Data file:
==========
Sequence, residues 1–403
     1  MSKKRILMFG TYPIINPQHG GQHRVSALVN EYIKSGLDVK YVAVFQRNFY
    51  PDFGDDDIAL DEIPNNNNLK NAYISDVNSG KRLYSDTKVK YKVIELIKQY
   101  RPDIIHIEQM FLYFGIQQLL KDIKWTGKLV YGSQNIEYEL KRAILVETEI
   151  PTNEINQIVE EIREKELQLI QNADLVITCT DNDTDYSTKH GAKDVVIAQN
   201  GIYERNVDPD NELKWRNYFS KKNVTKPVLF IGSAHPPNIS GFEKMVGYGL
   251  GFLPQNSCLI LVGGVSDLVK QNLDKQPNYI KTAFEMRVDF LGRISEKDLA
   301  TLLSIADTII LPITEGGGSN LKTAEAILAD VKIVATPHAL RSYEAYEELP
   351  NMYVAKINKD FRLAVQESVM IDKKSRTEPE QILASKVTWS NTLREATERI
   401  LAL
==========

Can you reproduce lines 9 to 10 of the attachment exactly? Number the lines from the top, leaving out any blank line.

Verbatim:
   351  NMYVAKINKD FRLAVQESVM IDKKSRTEPE QILASKVTWS NTLREATERI
   401  LAL